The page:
Durbin Calls On EPA To Protect American Families From Toxic Asbestos And Flame Retardants
WASHINGTON – U.S. Senator Dick Durbin (D-IL) today called on the Environmental Protection Agency (EPA) to list asbestos and flame retardants among the top priority chemicals it will review under the Frank R. Lautenberg Chemical Safety for the 21st Century Act, which reforms the Toxic Substances Control Act of 1976. Signed by President Obama in June, the law gives the EPA new authority to review and regulate chemicals based on the impact they have on the most vulnerable: infants, pregnant women, the elderly, and chemical industry workers.
“EPA’s ‘Top 10’ list should prioritize review of asbestos and flame retardants, which have a history of causing chronic health problems and continue to pose a threat to millions of Americans,” wrote Durbin in a letter to EPA Administrator Gina McCarthy. “It is time for the EPA to fully protect Americans from the scourge of asbestos and flame retardant chemicals once and for all. I urge the EPA to list them among the first chemicals the Agency will study under the revised Toxic Substances Control Act and to use your full authority to prevent any future exposures.”
Senator Durbin has long fought to protect children and families from exposure to toxic substances. In response to a 2012 Chicago Tribune investigative report, Durbin, then Chairman of the Senate Appropriations Subcommittee on Financial Services and General Government, chaired a hearing on the safety and effectiveness of flame retardant chemicals and co-sponsored the Children and Firefighters Protection Act to ban toxic flame retardants from upholstered furniture and children’s products. In 2015, Durbin introduced the Reducing Exposure to Asbestos Database (READ) Act, legislation that would help Americans avoid exposure to asbestos by creating a transparent, up-to-date, and searchable EPA database listing the known locations of asbestos and asbestos-containing products.
Full text of the letter can be found below and here:
September 27, 2016
The Honorable Gina McCarthy
Administrator, US Environmental Protection Agency
1200 Pennsylvania Ave NW
Washington, DC 20460
Dear Administrator McCarthy:
I urge the Environmental Protection Agency (EPA) to place asbestos and flame retardant chemicals on the first list of chemicals the Agency will review with its new authority under the Frank R. Lautenberg Chemical Safety for the 21st Century Act. EPA’s “Top 10” list should prioritize review of asbestos and flame retardants, which have a history of causing chronic health problems and continue to pose a threat to millions of Americans.
The dangers of asbestos are well known. The World Health Organization (WHO) has stated that “[a]ll forms of asbestos are carcinogenic”[i] and the Occupational Safety and Health Administration states that “there is no ‘safe’ level of asbestos exposure.”[ii] According to the Surgeon General, “[t]hree of the major health effects associated with asbestos exposure are lung cancer; mesothelioma, a rare form of cancer that is found in the thin lining of the lungs, chest, abdomen and heart; and asbestosis, a serious progressive, long-term, non-cancer disease of the lungs. Anyone who disturbs asbestos is at risk.”[iii] According to the WHO, “[a]pproximately half of the deaths from occupational cancer are estimated to be caused by asbestos” and “several thousand deaths annually can be attributed to exposure to asbestos in the home.”[iv]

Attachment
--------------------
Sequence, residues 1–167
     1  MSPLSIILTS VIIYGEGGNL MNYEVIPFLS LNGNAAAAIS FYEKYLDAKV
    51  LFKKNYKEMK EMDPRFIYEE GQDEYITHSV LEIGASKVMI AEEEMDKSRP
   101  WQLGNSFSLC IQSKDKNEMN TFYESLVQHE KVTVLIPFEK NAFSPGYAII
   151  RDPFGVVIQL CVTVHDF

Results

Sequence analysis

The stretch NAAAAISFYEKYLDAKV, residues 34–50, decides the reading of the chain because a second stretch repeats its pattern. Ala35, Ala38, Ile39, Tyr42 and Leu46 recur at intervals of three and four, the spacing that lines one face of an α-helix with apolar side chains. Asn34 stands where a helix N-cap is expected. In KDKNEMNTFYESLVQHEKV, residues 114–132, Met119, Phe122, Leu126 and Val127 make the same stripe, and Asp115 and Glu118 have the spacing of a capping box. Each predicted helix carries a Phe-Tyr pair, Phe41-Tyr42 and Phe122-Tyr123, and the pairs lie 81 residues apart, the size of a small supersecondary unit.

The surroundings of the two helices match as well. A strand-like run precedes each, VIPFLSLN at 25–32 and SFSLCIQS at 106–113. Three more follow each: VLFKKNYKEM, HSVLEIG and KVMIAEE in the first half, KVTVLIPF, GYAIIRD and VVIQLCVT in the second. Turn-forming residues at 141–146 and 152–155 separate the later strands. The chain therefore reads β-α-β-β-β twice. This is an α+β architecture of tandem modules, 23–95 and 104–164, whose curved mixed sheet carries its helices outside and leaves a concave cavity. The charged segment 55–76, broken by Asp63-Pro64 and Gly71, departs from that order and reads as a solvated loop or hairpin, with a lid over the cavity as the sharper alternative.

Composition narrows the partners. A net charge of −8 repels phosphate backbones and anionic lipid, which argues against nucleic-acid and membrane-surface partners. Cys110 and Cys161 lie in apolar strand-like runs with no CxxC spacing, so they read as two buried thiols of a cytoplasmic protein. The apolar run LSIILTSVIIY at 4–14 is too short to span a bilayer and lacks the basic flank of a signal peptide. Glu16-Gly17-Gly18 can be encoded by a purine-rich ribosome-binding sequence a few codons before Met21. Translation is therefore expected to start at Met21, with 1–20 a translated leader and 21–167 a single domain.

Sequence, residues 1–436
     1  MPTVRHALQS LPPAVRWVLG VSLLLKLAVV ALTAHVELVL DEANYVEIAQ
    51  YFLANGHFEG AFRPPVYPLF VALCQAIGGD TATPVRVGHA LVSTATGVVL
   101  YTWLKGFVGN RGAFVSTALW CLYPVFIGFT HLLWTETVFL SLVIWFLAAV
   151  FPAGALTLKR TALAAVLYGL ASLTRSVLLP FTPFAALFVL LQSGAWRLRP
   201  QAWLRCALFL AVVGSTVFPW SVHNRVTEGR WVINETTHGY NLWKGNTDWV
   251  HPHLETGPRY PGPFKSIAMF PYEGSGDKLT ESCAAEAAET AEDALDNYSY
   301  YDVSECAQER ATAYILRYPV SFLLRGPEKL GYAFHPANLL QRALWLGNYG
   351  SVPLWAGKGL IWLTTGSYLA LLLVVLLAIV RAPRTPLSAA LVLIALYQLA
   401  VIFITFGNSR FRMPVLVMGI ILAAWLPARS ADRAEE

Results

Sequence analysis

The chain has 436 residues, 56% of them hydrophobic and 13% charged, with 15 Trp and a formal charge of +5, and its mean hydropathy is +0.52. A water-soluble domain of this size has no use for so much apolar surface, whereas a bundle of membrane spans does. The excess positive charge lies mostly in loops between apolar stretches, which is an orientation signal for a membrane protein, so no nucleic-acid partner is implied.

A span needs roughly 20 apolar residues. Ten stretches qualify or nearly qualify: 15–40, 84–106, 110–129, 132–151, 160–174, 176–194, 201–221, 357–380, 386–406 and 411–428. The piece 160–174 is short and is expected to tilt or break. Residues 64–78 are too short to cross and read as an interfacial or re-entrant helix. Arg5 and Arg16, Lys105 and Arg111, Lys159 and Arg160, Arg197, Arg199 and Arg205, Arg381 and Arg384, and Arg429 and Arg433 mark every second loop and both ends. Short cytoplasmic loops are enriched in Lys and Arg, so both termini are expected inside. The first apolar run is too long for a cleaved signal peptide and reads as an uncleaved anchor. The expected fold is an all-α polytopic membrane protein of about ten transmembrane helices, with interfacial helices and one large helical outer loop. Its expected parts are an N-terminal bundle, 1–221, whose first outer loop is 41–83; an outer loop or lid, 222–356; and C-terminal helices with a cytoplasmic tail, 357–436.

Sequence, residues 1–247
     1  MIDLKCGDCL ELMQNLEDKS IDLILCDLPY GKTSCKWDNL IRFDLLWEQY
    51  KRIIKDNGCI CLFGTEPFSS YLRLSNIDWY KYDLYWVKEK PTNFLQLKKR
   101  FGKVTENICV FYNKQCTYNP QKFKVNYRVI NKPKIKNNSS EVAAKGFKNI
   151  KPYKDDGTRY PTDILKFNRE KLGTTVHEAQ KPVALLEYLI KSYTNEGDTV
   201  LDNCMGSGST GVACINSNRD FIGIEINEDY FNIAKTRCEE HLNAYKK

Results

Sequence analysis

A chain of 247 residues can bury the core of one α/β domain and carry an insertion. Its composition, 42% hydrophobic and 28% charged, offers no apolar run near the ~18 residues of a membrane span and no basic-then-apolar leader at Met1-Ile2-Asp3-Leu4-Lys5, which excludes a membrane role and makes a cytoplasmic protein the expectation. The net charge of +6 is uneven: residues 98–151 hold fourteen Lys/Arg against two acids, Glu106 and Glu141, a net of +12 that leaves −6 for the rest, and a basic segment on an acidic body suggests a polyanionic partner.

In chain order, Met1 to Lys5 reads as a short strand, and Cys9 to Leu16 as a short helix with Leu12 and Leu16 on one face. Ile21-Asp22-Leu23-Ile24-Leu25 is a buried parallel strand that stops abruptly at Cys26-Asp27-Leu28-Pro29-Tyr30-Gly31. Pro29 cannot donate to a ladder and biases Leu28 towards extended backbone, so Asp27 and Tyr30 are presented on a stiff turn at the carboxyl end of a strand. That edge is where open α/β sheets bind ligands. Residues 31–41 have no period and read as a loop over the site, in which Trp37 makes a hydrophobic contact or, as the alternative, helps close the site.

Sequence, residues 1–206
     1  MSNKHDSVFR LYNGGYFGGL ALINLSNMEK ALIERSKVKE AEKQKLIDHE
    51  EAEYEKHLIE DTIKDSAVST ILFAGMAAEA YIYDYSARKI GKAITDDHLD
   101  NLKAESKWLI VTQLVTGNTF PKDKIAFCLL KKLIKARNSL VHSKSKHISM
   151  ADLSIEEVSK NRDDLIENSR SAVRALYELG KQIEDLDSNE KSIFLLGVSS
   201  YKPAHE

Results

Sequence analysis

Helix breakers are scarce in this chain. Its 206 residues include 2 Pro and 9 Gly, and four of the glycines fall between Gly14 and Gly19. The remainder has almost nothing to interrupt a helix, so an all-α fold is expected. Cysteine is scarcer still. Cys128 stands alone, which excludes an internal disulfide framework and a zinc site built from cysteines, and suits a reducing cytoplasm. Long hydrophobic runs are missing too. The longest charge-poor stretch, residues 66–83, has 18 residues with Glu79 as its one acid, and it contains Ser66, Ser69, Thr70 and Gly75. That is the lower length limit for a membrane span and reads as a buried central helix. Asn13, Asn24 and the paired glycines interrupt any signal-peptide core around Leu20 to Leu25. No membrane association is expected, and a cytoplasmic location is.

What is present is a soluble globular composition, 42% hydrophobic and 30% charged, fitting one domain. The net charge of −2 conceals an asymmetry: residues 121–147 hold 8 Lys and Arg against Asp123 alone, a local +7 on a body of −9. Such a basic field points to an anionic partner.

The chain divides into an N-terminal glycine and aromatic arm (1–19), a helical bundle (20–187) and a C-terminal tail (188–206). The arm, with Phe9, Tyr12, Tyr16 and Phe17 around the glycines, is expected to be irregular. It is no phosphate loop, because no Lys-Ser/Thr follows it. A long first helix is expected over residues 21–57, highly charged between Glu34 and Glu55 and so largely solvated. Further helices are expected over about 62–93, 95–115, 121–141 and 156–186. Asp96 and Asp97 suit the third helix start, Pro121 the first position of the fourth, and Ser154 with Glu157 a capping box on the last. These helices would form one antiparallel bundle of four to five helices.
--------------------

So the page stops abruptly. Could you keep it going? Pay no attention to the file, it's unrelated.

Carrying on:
While asbestos has been banned in dozens of countries, the U.S. Geological Survey reports that the United States continues to import and consume hundreds of tons of asbestos per year,[v] and according to the Centers for Disease Control and Prevention (CDC), asbestos and asbestos products “are still found in many residential and commercial settings and continue to pose a health risk to workers and others.”[vi] According to the Government Accountability Office, at least 27 million Americans have been exposed to asbestos and Americans continue to be exposed.[vii]
Americans are also exposed to flame retardant chemicals on a daily basis, as they are used in upholstered furniture, electronics, and children’s items. Flame retardant chemicals used in furniture often break down and incorporate in to dust particles, leading to elevated blood levels in adults and toddlers. The CDC has found flame retardant chemicals in 97 percent of Americans, including 100 percent of the infants it tested.[viii] Flame retardants have been found in the umbilical cord blood and breast milk of new mothers; and American newborns have higher recorded concentrations of flame retardants than infants from any other country.
This is concerning as the WHO, National Cancer Institute, National Research Council, and Consumer Product Safety Commission have all identified flame retardants as a carcinogen. These chemicals also are known to cause lower intelligence quotient or IQ scores, impaired learning and motor skills, memory issues, reduced fertility, and endocrine disruption.[ix] Given their widespread use in household items and bio-persistency, flame retardant chemicals pose a particularly high exposure threat and health risk to our most vulnerable populations.
It is time for the EPA to fully protect Americans from the scourge of asbestos and flame retardant chemicals once and for all. I urge the EPA to list them among the first chemicals the Agency will study under the revised Toxic Substances Control Act and to use your full authority to prevent any future exposures.
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